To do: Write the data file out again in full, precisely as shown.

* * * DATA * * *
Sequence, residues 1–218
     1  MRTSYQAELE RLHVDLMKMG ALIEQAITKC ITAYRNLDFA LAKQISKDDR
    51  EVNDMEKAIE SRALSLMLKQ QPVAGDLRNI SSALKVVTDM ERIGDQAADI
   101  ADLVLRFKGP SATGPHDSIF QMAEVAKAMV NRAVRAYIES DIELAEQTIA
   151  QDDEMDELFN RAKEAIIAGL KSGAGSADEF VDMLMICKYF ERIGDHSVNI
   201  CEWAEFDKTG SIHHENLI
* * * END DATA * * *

Sequence, residues 1–218
     1  MRTSYQAELE RLHVDLMKMG ALIEQAITKC ITAYRNLDFA LAKQISKDDR
    51  EVNDMEKAIE SRALSLMLKQ QPVAGDLRNI SSALKVVTDM ERIGDQAADI
   101  ADLVLRFKGP SATGPHDSIF QMAEVAKAMV NRAVRAYIES DIELAEQTIA
   151  QDDEMDELFN RAKEAIIAGL KSGAGSADEF VDMLMICKYF ERIGDHSVNI
   201  CEWAEFDKTG SIHHENLI